Sesame Street helps kick off summer travel season

Sesame Street summer travelDoes Cookie Monster have to buy two seats? Does Elmo travel carry-on only? You can ask them yourself this week as several Sesame Street characters appear at US airports this week to kick off summer travel with Delta Airlines.

Today, Elmo and Cookie Monster will be making gate announcements and welcoming travelers to Minneapolis-St Paul Airport, before meeting up with Grover at La Guardia on Tuesday. Elmo and Grover will wrap up the tour on Thursday at Atlanta‘s international airport.

Photo courtesy Flickr user Casey Fleser.

Want to travel more with Sesame Street? Check out Lonely Planet editor Robert Reid’s trip in the video below.

Weekending: Sofia


Since moving to Istanbul, I’ve gotten the chance to travel to a lot of interesting destinations, from Beirut to Bosnia, that are much easier and cheaper to access from Turkey than America. For my first long (more than a weekend) trip, I went to Bulgaria for a week over US Labor Day and Turkish bayram (end of Ramadan holidays). Over the week, I traveled from the capital city Sofia to medieval hill town Veliko Tarnovo to Black Sea coastal Varna, and will explore the different flavors of each region in future posts.

The place: Sofia, Bulgaria
Travel writer (and Bulgaria fan) Robert Reid notes in his Lonely Planet Bulgaria guide that visitors to Sofia should not expect the “new Prague.” While Sofia may never compare to the Czech Republic capital in terms of the sheer number of historic buildings and monuments, you may discover a taste of Old Europe with the modern nightlife and budget prices that made Prague so popular in the past two decades. After the fall of Communism 21 years ago, Bulgaria developed steadily enough to join the European Union in 2007 (albeit as its poorest country), and hopes to join the Schengen visa zone next year. It’s now being touted as a destination for adventure and budget travelers with a small but growing amount of foreign visitors discovering its many pleasures.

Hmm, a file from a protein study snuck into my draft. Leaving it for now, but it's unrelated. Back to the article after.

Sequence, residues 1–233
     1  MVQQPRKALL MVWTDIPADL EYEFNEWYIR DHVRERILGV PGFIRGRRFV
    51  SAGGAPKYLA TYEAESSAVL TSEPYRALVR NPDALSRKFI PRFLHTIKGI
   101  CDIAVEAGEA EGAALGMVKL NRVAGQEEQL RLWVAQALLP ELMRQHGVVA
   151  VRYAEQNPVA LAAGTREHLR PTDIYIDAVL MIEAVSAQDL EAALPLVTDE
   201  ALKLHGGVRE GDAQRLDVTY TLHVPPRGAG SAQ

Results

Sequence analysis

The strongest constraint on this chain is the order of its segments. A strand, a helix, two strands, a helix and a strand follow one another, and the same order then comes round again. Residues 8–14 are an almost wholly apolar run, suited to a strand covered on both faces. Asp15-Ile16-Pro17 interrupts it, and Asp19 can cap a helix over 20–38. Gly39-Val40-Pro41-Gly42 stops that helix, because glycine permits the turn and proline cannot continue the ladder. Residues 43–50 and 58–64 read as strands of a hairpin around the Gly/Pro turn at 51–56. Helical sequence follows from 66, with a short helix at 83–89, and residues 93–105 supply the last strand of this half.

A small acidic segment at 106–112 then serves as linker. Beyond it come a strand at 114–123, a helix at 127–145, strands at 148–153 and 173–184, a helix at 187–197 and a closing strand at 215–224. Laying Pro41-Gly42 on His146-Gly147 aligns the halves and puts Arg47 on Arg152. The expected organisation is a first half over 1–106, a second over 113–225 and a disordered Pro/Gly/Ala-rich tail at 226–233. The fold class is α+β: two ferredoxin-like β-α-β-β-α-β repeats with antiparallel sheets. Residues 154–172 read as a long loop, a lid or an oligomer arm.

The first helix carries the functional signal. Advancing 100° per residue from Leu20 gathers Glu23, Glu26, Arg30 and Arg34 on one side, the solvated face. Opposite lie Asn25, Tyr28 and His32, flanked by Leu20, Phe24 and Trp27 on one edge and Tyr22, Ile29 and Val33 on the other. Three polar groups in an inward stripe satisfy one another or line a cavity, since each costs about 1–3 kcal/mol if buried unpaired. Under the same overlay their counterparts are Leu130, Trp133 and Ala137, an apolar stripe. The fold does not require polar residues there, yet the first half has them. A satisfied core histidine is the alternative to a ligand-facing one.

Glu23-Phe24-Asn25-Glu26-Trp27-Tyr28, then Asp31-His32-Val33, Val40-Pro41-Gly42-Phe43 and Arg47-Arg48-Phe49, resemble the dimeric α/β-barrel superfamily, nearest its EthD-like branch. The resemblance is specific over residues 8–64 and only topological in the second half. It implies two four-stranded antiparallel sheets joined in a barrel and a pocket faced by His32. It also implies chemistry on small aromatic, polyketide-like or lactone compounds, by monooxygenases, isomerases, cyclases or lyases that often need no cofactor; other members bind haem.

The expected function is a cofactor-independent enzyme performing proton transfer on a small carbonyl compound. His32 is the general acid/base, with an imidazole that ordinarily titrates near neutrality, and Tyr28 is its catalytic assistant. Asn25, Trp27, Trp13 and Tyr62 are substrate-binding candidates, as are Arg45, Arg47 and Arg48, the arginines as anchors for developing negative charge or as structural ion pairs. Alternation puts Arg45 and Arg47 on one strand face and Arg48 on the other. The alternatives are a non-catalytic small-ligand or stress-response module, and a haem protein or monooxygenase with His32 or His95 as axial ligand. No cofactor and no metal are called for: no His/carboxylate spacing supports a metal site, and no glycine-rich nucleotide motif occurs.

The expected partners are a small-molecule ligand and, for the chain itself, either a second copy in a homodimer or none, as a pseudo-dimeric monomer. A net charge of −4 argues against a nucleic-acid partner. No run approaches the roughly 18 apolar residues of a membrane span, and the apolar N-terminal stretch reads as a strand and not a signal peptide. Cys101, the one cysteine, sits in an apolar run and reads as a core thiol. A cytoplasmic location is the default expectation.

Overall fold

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  • One of the major pluses for Sofia (and even more so in more rural parts of Bulgaria) is the price tag. Dinner for two can be had with a nice bottle of local wine for less than $20. High-end hotels that would cost hundreds of dollars in other European cities rarely top 100 Euros and many comfortable options can be found around 50 to 60 Euros (a Rick Steves tour group was staying at my hotel, the lovely but reasonable Arena di Serdica). Many of Sofia’s best sights are free, including the landmark Aleksander Nevski church (check out this link for photos of the beautiful interior, as cameras aren’t allowed inside and the postcard selection is lacking) and the daily markets are great to browse – try Aleksander Nevski Plaza for antiques of questionable province, Zhenski Pazar for Chernobyl-sized produce, and Slaveykov Square for books in various languages. Bulgarian beers and wine are generally 2-4 leva (under $3) and a generously-poured cocktail is only a few leva more.
  • Along with cheap drinks comes a fun, creative nightlife scene. While sipping wine in the candlelit converted barn bar Hambara, I wondered why New York doesn’t have cool spaces like that (answer: probably breaking a lot of building codes). Apartment (just down the road from Hambera on Neofit Rilski) is another well-known spot for travelers, expats, and locals, set in an old house with different rooms for different vibes. If you’re looking for something a bit more glam, Planet Bar de Luxe is delightfully over-the-top with purple tutu-clad waitresses and a gift-shop in the bathroom (and I thought Sarajevo had the best bar bathroom). Soviet-era dormitories have been converted into a hotbed of nightclubs and bars. Creativity isn’t just limited to the nighttime – great collections of art are housed in the National Gallery and the well-curated Sofia City Gallery, along with interesting graffiti and small galleries around town.

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  • Sofia’s vices and nightlife may not be for everyone. After five months in a country where alcohol is heavily taxed, low-priced and tasty wine is a big thrill for me, but not everyone has “cheap alcohol” on their vacation must-have list. Vegetarians may soon grow bored with pizzas (practically one of Bulgaria’s national foods, eaten with ketchup and mayo by locals – try at your own risk) and salads in Bulgaria include meat and cheese almost as a rule. Like in much of Eastern Europe, smoking is legal in most public places and quite widespread; a recent ban was overturned and replaced with a law barring underage from bars.